A study released last month showed that almost 60% of LGBTI couples in America met online.
This compared to just over 20% who met in a bar or restaurant that year.
Sciologists Michael Rosenfeld and Sonia Hausen of Stanford University and Reuben Thomas of Arizona State University conducted the study.
It looked at data from the multi-year How Couples Meet and Stay Together survey across nearly 20 years from 1980 to 2017.
Meeting online was by far the most frequent way LGBTI people in same-sex relationships met their significant others in 2017.
Early adopters of online dating
In fact, the study found: ‘Same-sex couples were early adopters of Internet services for meeting partners.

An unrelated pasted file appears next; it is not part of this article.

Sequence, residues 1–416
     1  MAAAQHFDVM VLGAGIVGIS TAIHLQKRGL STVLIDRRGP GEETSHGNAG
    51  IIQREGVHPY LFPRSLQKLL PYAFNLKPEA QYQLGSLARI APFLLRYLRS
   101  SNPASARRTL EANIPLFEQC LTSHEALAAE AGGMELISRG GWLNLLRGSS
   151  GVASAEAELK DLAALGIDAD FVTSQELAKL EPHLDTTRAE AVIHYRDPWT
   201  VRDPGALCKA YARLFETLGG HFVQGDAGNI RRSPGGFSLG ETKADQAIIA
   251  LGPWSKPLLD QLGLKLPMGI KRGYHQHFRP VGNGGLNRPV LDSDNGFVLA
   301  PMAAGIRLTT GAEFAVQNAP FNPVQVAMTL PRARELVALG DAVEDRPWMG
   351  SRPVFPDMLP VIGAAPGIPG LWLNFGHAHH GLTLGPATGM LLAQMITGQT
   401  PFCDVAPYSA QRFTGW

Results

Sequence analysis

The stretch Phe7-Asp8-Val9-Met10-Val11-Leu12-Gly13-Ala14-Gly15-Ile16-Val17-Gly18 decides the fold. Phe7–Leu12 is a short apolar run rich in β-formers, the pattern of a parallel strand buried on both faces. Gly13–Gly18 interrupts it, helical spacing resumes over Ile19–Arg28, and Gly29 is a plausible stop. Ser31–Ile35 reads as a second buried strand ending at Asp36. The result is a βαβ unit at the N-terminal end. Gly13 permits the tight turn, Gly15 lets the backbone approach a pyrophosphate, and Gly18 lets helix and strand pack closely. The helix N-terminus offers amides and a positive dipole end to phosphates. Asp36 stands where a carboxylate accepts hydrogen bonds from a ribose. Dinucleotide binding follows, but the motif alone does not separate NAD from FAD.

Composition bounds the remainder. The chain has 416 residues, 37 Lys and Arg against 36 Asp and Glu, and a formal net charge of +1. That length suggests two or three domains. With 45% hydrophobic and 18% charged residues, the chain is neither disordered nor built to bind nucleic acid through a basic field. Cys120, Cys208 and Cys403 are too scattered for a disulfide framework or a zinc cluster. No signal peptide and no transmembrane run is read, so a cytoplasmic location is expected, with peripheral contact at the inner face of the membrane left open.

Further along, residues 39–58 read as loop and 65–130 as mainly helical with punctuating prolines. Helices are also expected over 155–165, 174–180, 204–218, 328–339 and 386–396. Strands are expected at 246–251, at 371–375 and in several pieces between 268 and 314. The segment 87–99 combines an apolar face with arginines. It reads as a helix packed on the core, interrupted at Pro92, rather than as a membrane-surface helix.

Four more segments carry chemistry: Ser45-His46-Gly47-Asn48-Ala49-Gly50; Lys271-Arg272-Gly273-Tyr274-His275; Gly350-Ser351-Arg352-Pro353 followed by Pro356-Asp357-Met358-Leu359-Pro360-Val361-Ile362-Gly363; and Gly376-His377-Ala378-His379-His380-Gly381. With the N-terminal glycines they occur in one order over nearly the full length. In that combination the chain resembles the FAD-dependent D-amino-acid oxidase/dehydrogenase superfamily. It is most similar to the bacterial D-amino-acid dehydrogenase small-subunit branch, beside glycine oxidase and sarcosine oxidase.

‘About 65% of same-sex couples who met in 2017 met online, compared to about 39% for heterosexual couples.’
Rosenfeld and Hausen considered Grindr, released in 2009, as ‘helping initiate the phone app phase of Internet dating’.
While meeting in church was the lowest in numbers across the last 20 years.
Around 5% of same-sex couples met in church in 1980 and has plummeted since.
Similarly, meeting as coworkers, neighbours or through school, friends or family, have all similarly declined.
Only meeting in college and school showed an increase, though both were just under 5%.
‘Serendipity is lost’
Though dating apps are helping the LGBTI community connect, they are creating divisions.
Another study showed dating apps that have race filters reenforce racial bias and fetishize certain groups.
Moreover, ‘Serendipity is lost when people are able to filter other people out,’ said lead author Jevan Hutson to the Cornell Chronicle.